Luka Bloom is about to begin his first U.S. tour in quite some time. We’ll celebrate with this great video of Luka performing a “modern” folk classic by Chauncey Olcott, written in 1899.
My Wild Irish Rose
If you listen I’ll sing you a sweet little song
Of a flower that’s now droped and dead,
Yet dearer to me, yes than all of its mates,
Though each holds aloft its proud head.
Twas given to me by a girl that I know,
Since we’ve met, faith I’ve known no repose.
She is dearer by far than the world’s brightest star,
And I call her my wild Irish Rose.
My wild Irish Rose, the sweetest flower that grows.
You may search everywhere,
but none can compare with my wild Irish Rose.
My wild Irish Rose, the dearest flower that grows,
And some day for my sake,
she may let me take the bloom from my wild Irish Rose.
The Irish Traditional Music Archive has a HUGE collections of videos recorded at Sean-Nós Cois Life festival of singing from 2001-2012. It’s a joy to just let them roll on by one after one, especially when you come across the amazing Ciarán Ó Gealbháin. I’ve loved his singing since his time with Danú.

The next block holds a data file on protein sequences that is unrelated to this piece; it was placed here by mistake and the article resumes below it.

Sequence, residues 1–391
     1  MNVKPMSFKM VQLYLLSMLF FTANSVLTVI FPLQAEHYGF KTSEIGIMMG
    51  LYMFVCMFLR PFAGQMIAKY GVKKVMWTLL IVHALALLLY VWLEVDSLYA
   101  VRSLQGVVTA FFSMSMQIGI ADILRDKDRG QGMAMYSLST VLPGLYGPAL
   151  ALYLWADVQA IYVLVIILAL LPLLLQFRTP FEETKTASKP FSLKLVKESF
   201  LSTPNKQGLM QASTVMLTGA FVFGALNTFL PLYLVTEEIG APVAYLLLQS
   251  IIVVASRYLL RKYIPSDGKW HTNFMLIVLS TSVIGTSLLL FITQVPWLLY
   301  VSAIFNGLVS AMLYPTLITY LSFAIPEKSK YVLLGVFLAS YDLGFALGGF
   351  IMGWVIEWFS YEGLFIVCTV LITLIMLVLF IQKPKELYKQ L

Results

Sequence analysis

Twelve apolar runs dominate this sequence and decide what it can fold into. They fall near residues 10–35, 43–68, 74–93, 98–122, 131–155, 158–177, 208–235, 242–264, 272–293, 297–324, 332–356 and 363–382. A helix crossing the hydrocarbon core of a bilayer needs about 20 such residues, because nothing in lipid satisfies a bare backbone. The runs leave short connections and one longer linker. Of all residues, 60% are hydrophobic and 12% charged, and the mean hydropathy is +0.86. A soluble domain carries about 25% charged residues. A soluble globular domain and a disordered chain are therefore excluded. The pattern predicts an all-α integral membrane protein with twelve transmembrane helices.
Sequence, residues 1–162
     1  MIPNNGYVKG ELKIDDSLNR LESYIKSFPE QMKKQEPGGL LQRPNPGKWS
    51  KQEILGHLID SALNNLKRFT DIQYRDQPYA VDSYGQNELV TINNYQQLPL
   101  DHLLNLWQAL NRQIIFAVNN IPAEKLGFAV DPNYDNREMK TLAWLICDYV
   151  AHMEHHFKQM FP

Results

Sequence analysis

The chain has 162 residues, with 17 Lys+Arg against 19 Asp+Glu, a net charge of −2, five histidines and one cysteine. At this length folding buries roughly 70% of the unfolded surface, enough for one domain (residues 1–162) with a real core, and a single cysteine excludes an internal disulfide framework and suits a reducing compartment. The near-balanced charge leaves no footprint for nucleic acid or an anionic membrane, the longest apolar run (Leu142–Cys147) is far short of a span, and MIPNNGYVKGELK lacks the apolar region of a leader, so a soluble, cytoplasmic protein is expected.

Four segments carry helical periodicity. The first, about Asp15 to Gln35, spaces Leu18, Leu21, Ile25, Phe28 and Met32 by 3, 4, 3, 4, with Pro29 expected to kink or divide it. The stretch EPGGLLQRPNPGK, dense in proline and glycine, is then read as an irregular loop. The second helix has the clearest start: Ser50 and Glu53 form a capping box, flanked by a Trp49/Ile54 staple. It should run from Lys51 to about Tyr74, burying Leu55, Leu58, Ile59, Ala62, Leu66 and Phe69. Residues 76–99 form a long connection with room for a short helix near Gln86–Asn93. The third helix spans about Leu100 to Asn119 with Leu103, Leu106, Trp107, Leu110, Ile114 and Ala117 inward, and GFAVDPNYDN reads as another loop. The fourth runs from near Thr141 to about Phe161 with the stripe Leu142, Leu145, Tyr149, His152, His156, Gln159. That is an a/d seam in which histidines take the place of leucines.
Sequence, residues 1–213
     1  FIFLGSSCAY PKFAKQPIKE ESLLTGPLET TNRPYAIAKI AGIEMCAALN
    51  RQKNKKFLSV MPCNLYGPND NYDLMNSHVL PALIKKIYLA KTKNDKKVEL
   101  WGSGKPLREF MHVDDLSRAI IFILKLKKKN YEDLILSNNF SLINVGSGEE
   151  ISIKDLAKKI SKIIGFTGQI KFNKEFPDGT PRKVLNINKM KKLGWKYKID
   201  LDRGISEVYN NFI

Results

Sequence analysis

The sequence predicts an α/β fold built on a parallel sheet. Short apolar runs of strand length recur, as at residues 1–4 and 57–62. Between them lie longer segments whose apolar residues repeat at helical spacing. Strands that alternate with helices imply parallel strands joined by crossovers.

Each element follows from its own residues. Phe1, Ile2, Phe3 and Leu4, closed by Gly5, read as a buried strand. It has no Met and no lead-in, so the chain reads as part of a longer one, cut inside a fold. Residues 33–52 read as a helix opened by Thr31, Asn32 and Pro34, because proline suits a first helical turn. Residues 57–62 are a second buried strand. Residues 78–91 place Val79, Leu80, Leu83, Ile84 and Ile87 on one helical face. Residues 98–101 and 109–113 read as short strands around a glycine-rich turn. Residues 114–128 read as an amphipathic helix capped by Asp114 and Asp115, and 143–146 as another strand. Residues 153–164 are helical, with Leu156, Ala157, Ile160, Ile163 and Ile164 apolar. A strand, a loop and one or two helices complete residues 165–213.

About the song, John Daly says in the notes of The Irish Language Miscellany (1876):
“The Fair of Windgap, the subject of the above song, is held in a village distant about four miles from Clonmel, then in the County of Waterford. The author was Tomás Ó Móráin, or Tomás an Bhodhráin, so called from his propensities as an expert player on the tambourine, and on that account was present at every social and merry-making meeting in the county, principally May Boys, to which he was particularly attached. His account of the commodities sold at the fair is most humorous, far outdoing the famous Donnybrook of old, with all its devilries….”
Aonach Bhearna na Gaoithe
Bhí diversion aerach ar an aonach, mórchuid aeir is aoibhnis
Ceolta néata, spórt is scléip, feoil á gléasadh chun bídh ann
Bhí whiskey is ale ann, fíon Geneva, branda craorach bríomhar
Plúr na déise, arán sinséar, is cáis ar scales á ndíol ann.
’San rabhdalam raindí, rabhdalam raindí, rabhdalam raindí réidí
Rabhdalam raindí, rabhdalam raindí, is mallaithe an dream tincéirí
I’ve had Altan on the brain lately, so here’s a great one by the father of Mairéad Ní Mhaonaigh, Proinsias Ó Maonaigh. The song was written for his hometown Gaoth Dobhair in Co. Donegal. You may recognize the tune as the same as Paddy’s Green Shamrock Shore. Here Altan is joined by Moya Brennan of Clannad.
Gleanntáin Ghlas’ Ghaoth Dobhair
Céad slán ag sléibhte maorga chontae Dhún na nGall
Agus dhá chéad slán ag an Earagal árd, ina stua(í) os cionn caor ‘s call
Nuair a ghluais mise thart le loch Dhún Lúiche, go ciún ‘s an ghleann ina luí
I mo dhiaidh bhí Gleanntáin Ghlas’ Ghaoth Dobhair,
is beag nár bhris mo chroí.